“It does make sense in a [way]. If you see some of the hairy descents that these guys are doing, especially in the Tour [de France] and the Giro d’Italia, it would make sense to use a disc brake. Obviously the guys are talking about safety, how to change the wheel, can they standardise the disc size so obviously the support vehicles can change wheels… but Shimano [is] working on ways to combat that so that if you do get a different rotor size, maybe there’s an adjustor and you can adjust it manually.
“We’ll see. It’s still early stages. When a new idea comes out, everybody is normally a bit afraid and a bit negative. As long as we stay open-minded, maybe it will revolutionise the sport in a way, you know? Or maybe not. We’ll have to see.”
It certainly had a huge impact on mountain biking.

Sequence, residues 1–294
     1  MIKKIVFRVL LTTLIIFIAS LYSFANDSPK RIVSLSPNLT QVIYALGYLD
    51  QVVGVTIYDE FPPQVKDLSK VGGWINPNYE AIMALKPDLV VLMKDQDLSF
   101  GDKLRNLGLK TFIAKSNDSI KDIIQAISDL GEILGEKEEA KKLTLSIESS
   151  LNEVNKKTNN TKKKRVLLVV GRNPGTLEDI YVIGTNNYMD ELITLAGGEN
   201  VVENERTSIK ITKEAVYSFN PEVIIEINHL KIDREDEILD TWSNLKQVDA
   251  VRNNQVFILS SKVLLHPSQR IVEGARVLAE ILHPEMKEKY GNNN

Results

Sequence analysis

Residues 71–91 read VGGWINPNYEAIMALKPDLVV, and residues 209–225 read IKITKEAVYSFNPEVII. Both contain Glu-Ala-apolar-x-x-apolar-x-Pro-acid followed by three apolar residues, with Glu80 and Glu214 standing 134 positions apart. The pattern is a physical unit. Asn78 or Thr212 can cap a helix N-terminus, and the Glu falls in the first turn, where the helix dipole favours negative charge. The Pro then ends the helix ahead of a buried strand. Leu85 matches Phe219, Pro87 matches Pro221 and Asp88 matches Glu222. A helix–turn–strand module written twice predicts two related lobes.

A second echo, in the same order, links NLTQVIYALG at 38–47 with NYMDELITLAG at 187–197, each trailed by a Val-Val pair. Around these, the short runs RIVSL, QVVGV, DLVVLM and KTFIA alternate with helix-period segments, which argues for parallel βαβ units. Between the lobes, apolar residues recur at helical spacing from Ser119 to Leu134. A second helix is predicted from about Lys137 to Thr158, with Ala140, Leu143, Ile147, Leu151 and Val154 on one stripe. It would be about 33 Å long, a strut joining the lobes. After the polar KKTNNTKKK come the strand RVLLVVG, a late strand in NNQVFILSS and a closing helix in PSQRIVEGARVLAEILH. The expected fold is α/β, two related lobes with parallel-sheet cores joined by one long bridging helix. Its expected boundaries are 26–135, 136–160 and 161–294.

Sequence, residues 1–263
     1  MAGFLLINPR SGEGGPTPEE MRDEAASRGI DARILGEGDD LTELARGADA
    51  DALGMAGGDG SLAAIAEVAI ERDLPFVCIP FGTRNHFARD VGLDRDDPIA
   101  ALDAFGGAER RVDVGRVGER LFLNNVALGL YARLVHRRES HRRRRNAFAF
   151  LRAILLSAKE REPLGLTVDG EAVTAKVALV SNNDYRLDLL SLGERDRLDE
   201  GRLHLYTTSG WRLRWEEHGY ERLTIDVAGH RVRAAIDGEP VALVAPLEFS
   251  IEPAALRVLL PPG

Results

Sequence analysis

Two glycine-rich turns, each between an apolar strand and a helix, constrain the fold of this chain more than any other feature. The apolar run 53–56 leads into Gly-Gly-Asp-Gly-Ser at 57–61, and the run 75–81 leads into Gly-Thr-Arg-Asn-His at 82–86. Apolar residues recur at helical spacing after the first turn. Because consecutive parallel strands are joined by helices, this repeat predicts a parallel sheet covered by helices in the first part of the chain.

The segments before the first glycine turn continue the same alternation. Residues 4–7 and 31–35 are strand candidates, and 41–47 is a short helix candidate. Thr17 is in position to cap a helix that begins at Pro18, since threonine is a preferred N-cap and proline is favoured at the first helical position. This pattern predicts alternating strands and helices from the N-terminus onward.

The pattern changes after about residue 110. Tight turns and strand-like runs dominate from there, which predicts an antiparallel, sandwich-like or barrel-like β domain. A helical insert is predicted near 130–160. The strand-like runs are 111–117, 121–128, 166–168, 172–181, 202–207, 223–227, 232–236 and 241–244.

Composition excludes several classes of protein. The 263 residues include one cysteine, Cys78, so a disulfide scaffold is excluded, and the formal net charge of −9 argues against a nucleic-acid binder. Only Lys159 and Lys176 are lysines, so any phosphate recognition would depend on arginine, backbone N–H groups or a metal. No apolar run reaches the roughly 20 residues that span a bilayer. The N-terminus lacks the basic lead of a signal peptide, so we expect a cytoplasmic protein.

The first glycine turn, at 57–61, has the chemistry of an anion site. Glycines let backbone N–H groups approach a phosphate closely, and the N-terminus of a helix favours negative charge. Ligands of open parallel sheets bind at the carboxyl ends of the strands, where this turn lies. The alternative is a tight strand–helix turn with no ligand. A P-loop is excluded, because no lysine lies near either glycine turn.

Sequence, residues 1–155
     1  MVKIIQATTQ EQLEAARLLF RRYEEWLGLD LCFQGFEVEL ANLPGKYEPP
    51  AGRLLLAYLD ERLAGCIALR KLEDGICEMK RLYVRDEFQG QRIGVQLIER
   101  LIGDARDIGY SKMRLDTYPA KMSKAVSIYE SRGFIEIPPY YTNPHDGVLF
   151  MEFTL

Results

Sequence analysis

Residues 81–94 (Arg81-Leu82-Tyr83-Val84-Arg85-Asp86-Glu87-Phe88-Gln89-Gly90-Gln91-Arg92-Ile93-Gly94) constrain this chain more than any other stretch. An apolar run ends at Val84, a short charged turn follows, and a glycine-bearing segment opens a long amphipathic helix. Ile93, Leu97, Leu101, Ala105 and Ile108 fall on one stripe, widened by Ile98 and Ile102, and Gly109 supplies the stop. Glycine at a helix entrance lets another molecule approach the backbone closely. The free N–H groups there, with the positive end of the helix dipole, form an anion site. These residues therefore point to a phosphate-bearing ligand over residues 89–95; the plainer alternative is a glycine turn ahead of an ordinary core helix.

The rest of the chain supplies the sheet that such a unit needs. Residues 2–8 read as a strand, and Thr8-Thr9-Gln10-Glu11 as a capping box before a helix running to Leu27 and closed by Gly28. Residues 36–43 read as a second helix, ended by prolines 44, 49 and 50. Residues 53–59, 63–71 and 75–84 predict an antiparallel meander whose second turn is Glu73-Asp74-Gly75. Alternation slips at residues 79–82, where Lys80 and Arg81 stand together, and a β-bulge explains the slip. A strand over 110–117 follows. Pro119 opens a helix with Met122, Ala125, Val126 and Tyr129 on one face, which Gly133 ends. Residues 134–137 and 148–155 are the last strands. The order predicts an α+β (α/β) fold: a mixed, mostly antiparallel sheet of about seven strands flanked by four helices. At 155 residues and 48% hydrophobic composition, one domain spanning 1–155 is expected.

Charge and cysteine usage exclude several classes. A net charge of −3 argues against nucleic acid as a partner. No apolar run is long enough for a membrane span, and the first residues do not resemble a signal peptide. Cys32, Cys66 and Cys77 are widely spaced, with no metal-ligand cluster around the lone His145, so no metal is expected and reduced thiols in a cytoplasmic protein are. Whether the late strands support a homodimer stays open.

“Correct. It has. Road [cycling] is all about weight saving, trying to get the bike as light as possible but now the manufacturers have managed to do that pretty easily and I think you could add a disc brake and still be underweight. That’s how light the frames have become.
“That’s one of the options, another option – or way to look at it – is that the UCI is reconsidering the limit of the bikes… the weight limits.
“I hope they do change it.
“All the manufacturers can get their bikes under 6.8kg now and I think that rule is now pretty stale. It’s time to change now… and get together with the times.”